by Structured Settlement Watchdog
A Dutchess County New York judge has denied a request by J.G. Wentworth Co. to buy structured settlement payment right from an unemployed Poughkeepsie mother of five, at about a nickel per discounted dollar.
The Dutchess County Supreme Court petition sought to give Tina D. Kwant $10,000 for $478,591 in future settlement payments.
In his December 4, 2018 decision, James D. Pagones JSC denied the proposed "Kwant fund" with a best interest rejection.
Bill Heitzel is the author of a report on the case that was published by Westfair Publications. Heitzel's article contains a few notable inaccuracies and misses crucial details, in my opinion.
- Heitzel claims that Kwant was "awarded a settlement" with Ford Motor Company in 1994. No she wasn't, because a settlement is not an award. That's why it is called a settlement. Seems pretty basic to me.
- In describing the payments associated with the settlement Heitzel notes that " If Kwant lived past March 2024, she would continue to get $2,000 a month for as long as she lived". Heitzel failed to note that life contingent structured settlement payments such as those proposed bear heavier discounts due mortality risk. The mortality risk can be hedged with life insurance, if the seller is insurable, or unhedged, the latter being more expensive. The insurance adds a cost and then a 20+year delayed start date comes into play in the pricing. Think of it this way. How comfortable would you be investing your retirement money in an investment that doesn't start paying you back until 21 years from now, payments are tied to the life of a stranger and if the stranger dies you get zilch? That doesn't mean JG Wentworth's offer was fair, but it is an important factor to put things in context, which Neitzel failed to do.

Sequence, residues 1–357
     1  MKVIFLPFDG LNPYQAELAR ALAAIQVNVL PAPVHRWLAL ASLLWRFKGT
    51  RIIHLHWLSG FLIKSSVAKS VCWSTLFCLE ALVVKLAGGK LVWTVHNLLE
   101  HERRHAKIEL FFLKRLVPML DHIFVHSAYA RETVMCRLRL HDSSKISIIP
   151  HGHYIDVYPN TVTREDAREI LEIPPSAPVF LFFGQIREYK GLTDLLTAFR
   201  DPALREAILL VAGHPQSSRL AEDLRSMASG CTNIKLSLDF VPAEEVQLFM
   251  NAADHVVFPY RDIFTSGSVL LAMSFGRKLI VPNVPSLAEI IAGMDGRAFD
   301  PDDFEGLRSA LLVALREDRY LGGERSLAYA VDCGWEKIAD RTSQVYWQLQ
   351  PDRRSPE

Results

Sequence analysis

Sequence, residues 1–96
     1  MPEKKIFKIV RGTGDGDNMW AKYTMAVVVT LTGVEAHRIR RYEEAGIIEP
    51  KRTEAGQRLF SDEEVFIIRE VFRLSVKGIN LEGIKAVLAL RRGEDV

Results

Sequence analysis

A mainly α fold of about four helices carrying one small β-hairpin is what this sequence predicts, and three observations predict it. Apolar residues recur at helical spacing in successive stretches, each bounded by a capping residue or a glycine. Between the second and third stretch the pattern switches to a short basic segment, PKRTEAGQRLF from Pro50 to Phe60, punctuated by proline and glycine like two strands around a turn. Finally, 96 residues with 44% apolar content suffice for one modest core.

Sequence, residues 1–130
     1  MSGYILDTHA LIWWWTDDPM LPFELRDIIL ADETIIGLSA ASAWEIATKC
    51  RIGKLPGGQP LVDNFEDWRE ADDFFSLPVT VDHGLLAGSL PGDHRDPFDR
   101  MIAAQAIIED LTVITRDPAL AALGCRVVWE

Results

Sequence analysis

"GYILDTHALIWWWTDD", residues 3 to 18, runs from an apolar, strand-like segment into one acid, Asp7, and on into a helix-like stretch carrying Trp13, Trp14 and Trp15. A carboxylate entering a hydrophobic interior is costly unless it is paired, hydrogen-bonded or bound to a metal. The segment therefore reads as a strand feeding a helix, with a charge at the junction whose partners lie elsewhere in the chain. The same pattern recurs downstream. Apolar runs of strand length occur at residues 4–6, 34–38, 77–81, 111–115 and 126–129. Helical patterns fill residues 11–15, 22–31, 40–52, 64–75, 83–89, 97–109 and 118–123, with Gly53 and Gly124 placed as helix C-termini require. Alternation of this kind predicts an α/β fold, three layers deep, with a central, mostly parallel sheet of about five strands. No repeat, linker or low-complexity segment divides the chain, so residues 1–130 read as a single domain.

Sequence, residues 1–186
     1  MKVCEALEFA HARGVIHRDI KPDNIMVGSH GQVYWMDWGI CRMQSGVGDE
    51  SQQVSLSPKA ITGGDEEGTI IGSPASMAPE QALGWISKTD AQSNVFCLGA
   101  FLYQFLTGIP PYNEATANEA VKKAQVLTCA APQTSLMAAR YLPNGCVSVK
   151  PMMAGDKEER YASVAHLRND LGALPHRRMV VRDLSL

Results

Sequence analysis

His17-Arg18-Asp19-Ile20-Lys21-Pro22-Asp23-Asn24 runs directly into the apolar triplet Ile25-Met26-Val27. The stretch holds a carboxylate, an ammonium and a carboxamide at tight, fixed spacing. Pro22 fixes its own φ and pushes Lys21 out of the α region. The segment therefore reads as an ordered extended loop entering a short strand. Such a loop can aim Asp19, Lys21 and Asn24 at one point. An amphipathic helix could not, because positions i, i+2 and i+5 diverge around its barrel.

- Heitzel reports that the payments are made through an annuity with Allstate Life Insurance Co, missing the important detail that Allstate offers an Advanced Funding Exchange program with a discount rate of 8%, which might ormight not be more competitive than JG Wentworth's offer. Over the years I've seen where settlement purchasers will charge rates well in excess of Allstate's AFEN rate without even telling the seller they have that option,
New York Judges Get It Right
New York’s Structured Settlement Obligations Law was enacted to help protect structured settlement recipients from being victimized. The judge had previously approved other deals, finding that they were fair and were in Kwant’s best interest, “taking into account the welfare and support of Ms. Kwant’s dependents.” Courts must determine if a proposed sale is fair and reasonable, he said, and will truly serve the best interest of the seller. The fact that Kwant is willing to sell her settlement, he said, has no bearing on that determination said the judge,who invited JG Wentworth to return with a "fair and reasonable transfer of structured settlement payments"